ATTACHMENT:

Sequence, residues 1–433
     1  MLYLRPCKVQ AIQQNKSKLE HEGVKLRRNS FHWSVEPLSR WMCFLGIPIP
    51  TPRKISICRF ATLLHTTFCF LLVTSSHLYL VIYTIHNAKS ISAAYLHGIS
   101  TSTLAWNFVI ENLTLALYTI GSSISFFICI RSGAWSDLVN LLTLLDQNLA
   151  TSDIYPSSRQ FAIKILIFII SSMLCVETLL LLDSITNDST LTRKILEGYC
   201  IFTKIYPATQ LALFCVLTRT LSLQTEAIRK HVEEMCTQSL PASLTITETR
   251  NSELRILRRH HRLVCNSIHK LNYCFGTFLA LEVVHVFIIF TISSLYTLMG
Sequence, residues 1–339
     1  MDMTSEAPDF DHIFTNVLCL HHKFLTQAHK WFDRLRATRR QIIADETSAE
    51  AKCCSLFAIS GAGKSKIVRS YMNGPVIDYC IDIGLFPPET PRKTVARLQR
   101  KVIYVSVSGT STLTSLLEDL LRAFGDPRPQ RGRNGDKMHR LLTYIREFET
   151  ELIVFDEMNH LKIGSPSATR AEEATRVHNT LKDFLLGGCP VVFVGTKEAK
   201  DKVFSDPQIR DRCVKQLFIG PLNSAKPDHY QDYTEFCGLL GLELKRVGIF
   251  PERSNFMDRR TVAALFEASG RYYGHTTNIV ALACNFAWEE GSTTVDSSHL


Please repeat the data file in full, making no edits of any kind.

Sequence, residues 1–433
     1  MLYLRPCKVQ AIQQNKSKLE HEGVKLRRNS FHWSVEPLSR WMCFLGIPIP
    51  TPRKISICRF ATLLHTTFCF LLVTSSHLYL VIYTIHNAKS ISAAYLHGIS
   101  TSTLAWNFVI ENLTLALYTI GSSISFFICI RSGAWSDLVN LLTLLDQNLA
   151  TSDIYPSSRQ FAIKILIFII SSMLCVETLL LLDSITNDST LTRKILEGYC
   201  IFTKIYPATQ LALFCVLTRT LSLQTEAIRK HVEEMCTQSL PASLTITETR
   251  NSELRILRRH HRLVCNSIHK LNYCFGTFLA LEVVHVFIIF TISSLYTLMG
Sequence, residues 1–339
     1  MDMTSEAPDF DHIFTNVLCL HHKFLTQAHK WFDRLRATRR QIIADETSAE
    51  AKCCSLFAIS GAGKSKIVRS YMNGPVIDYC IDIGLFPPET PRKTVARLQR
   101  KVIYVSVSGT STLTSLLEDL LRAFGDPRPQ RGRNGDKMHR LLTYIREFET
   151  ELIVFDEMNH LKIGSPSATR AEEATRVHNT LKDFLLGGCP VVFVGTKEAK
   201  DKVFSDPQIR DRCVKQLFIG PLNSAKPDHY QDYTEFCGLL GLELKRVGIF
   251  PERSNFMDRR TVAALFEASG RYYGHTTNIV ALACNFAWEE GSTTVDSSHL